Overall Rating: 4 stars
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This book focuses on the life of a typical Nigerian lady in her youths trying to feel among the upper east side of Lagos which is very true as most working class ladies in their youths want to live large and look expensive. “This book tackles, debt, spending, the consumerist culture of the African middle class, the fear and misconceptions surrounding money and the lack of it, love, friendships, cultural and societal pressures and the roles they play in success”.I have read quite a number of financial and motivational books but this one was very apt and the principles stated are easy to follow
Arese Ugwu’s choice of words are very clear and down-rightly plain. She sounded like a typical Nigerian lady telling a story to a bunch of eager youths. One thing I was happy about in her writing style was that she inculcated the Nigerian culture into it without being too Nigerian and also being too Western. Imagining how the story was not difficult. Arese explained savings and investments without explaining finance and investments.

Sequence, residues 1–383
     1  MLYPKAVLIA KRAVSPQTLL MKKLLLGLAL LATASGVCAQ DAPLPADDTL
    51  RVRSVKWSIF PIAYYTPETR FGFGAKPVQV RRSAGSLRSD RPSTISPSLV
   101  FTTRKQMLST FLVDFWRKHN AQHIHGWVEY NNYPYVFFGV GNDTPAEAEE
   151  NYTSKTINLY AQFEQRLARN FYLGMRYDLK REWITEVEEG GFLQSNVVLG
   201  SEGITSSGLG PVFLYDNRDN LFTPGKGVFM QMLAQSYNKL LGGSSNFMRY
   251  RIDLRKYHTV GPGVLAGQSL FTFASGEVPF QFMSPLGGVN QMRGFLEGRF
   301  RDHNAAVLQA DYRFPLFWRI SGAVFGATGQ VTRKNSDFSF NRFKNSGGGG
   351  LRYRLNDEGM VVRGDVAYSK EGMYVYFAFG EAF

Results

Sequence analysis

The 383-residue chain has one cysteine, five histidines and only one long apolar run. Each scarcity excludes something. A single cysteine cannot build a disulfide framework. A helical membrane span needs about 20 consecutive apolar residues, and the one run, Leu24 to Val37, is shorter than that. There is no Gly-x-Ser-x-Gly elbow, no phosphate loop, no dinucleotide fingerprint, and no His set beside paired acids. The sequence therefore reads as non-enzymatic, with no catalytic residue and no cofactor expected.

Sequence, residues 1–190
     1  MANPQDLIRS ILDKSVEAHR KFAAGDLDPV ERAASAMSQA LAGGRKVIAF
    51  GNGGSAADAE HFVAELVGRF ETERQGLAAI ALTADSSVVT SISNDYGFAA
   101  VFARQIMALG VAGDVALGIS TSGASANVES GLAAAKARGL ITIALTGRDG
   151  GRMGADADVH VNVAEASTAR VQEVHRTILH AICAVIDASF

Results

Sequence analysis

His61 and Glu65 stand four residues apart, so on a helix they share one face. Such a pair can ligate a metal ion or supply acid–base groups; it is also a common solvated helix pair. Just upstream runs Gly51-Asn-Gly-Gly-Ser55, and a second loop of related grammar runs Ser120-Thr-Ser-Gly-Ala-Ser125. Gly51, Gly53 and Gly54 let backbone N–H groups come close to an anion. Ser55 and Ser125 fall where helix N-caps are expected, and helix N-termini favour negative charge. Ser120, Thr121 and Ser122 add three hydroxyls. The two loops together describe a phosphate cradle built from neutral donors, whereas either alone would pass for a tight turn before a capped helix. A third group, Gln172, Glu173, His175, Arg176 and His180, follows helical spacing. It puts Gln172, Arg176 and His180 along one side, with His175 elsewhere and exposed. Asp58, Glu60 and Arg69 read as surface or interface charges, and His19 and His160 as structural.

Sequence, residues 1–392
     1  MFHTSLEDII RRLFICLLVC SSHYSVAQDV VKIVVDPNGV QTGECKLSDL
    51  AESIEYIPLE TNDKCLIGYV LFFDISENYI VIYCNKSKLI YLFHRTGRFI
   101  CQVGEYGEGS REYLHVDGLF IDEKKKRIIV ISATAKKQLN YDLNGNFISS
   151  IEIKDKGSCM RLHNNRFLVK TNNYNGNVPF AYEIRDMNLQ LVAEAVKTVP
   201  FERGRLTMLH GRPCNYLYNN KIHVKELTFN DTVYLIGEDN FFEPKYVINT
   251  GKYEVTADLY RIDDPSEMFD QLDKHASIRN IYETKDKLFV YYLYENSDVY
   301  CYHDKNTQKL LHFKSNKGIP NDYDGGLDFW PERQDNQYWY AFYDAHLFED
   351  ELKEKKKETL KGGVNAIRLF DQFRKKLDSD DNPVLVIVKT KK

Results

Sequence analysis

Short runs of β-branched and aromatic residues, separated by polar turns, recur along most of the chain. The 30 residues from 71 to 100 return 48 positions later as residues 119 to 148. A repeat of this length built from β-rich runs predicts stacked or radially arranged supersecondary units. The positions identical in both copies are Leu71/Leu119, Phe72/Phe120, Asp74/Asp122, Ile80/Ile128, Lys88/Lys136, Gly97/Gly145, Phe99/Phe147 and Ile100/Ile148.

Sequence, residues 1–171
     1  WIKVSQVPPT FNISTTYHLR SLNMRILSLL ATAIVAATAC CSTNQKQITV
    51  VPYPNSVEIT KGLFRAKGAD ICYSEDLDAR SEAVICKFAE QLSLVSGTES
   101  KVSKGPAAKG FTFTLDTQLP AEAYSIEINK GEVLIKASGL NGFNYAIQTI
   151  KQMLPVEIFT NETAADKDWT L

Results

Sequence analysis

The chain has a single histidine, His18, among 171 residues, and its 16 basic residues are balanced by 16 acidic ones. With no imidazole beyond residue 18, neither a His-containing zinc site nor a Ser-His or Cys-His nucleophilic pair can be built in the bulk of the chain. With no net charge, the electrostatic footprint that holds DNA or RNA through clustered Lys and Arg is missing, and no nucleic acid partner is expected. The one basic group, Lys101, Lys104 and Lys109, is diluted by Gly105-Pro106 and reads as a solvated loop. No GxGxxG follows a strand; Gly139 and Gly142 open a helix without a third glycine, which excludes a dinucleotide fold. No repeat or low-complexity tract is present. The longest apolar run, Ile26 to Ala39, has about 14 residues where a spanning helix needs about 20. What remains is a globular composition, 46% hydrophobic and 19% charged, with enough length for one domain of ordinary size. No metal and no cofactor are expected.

So many times, I found myself nodding and agreeing to the non-financial story line of the book. The relationships, friendships and societal pressures to either make money or settle down. There wasn’t any plot twist in the book; I actually didn’t expect there to be any.However, I think there was a lot of advertising done in the book which at a point got annoying and I wanted to start skipping pages
Did I have a favorite character? Nope. I like Zuri and her friends though but none was my favorite.
In conclusion, TSMW gets
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